Skip to the end if you just want the tool to do this yourself, otherwise, enjoy the story about how we debugged a nagging network issue.
So, we’ve been experiencing some annoying network issues lately and we were almost positive it was our ISP (Comcast). The issue would occur on large files (think major OS updates, video on demand, music downloads, etc). Basically we would perform our 20 minute download and get stuck with a corrupted file. Worse, we would pay for a VOD movie and start to watch it only to find it is a glitchy mess with intermittent sound.
Yikes! Something had to be done.
How hard can it be?
But first — a little about our network configuration. We have a Comcast cable modem that goes to our main firewall router that then gets distributed throughout our house via switches and wireless access points. The initial hint was that we saw this corruption on both the wired (Tivo) and wireless downloads.
The worst part of all this is that the problem was intermittent. Sometimes large files would work and other times they would not. I needed data if I was going to convince Comcast that this was their problem (note the negative bias).
In the beginning
I started by manually downloaded the large file. In this case, I leaned heavily on my buddies in Cupertino and one of their 1.1GB major software updates. Thankfully, their update site provides a SHA1 checksum. The process was this:
- Note the start time
- Download said file
- Note the end time
- Open a terminal window and type “shasum /path/to/filename.dmg”
- Make a note in some file whether or not the download was corrupt.
Did I mention
Oh yeah, each one of these downloads took me 6-7 minutes and I have kids now. This manual data gathering was becoming a pain. I needed relief and automation so that I could run these tests unattended all night long and gather the precious data in all the configurations and locations of our network.
Thank you Guido
Enter python and 30 minutes of time. My son, Leo, thankfully cooperated by not injuring himself during those precious 30 minutes. My daughter, Dagny, also helped out by taking a nice long nap. The stars were aligned and all was go.
So, I knocked out a quick and dirty little python script that does the above steps while also outputs the notes and results into a csv file. Don’t worry, the downloaded GB file is deleted every time. A link to the script is below (NOTE: You will need to tweak the download URL and checksum to suit your needs and desires)
So, after all the work, what does the CSV file look like when imported into Excel?
Output from the python downloader script with some conditional formatting applied.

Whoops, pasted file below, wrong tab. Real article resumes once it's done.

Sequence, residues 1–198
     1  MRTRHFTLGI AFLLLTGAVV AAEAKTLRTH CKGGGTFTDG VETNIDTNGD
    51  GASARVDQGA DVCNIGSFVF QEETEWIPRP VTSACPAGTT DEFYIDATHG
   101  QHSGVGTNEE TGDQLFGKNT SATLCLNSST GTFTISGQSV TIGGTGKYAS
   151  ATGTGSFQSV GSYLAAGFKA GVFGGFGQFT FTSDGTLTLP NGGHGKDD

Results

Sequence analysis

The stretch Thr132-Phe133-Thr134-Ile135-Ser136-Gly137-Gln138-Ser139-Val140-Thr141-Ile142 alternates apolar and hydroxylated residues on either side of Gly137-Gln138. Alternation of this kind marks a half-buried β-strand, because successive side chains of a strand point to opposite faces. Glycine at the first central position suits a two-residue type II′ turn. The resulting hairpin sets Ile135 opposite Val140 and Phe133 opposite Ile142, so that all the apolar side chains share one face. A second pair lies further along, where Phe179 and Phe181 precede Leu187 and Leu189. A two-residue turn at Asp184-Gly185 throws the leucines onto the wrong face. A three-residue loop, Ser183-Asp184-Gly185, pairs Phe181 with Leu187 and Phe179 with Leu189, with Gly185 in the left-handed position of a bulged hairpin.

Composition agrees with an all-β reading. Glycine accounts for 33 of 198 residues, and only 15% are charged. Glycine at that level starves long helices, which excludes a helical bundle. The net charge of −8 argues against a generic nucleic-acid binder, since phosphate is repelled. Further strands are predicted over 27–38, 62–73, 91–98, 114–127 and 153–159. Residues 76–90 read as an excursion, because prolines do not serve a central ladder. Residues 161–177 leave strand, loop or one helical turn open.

And the Winner is………
Surpise! It was not Comcast! In the end, I was able to trace the corruption to our Netgear FVS318G router which was running some old firmware (3.0.5 or something). After installing the latest firmware (3.1.1+) the problem vanished.
The lesson here — it’s not always Comcast’s fault and it definitely helps to throw a little python around now and then.
Strongly Held Beliefs No Basis In Fact(s).
Pronounced “She’-Ben-O-Biff”. Similar to NIH (Not Invented Here). SHeBeNoBIF can be a reason for rejecting something or ignoring new data, purposely remaining stubborn.
Our internal IT department has SHeBeNoBIF regarding migrating to external cloud services. The repbulican party’s SHeBeNoBIF keeps dragging their approval ratings lower and lower.
Dr. John G Mooney Pepperdine University ca. 2012
It’s been a little while since we passed 5,000 diapers. True to form, we were going through a spat of mud-butt at the time and the 5,000th diaper didn’t dissapoint.
First off, I need to set the record straight. My earlier calculations on the amount of landfill we’d be generating were actually overly conservative! In the last 6 months, we’ve up-sized little D’s diapers and have noticed that (even as disposables) they take quite a bit more room now.
This uptick happened at around 3,000. At that time, we had diverted an approximated 75 cubic feet of waste.
Right now, we are filling 2 hampers of diapers per week (even though the number of diapers has decreased slightly). This has helped us reduce the stink a bit (we close up one of the bags halfway through the week). At 2.5 cu. ft. per pail, we’re running about 5.0 cu. ft. for our 65 weekly cloth diapers. That’s about .08 cu. ft. per cloth diaper(130 cu. in. or 5″ x 5″ x 5″ roughly).
However, a disposable is less bulky and therefore has a smaller waste volume (75 cu. in. / 0.0434 cu. ft. or approx 4.2″x4.2″x4.2″ packed together with the wipes). At 70 diapers per week that’s about 5250 cu. in. or 3.0 cubic feet. This is about what we saw when we temporarily switched to disposables for the week we were in Kauai.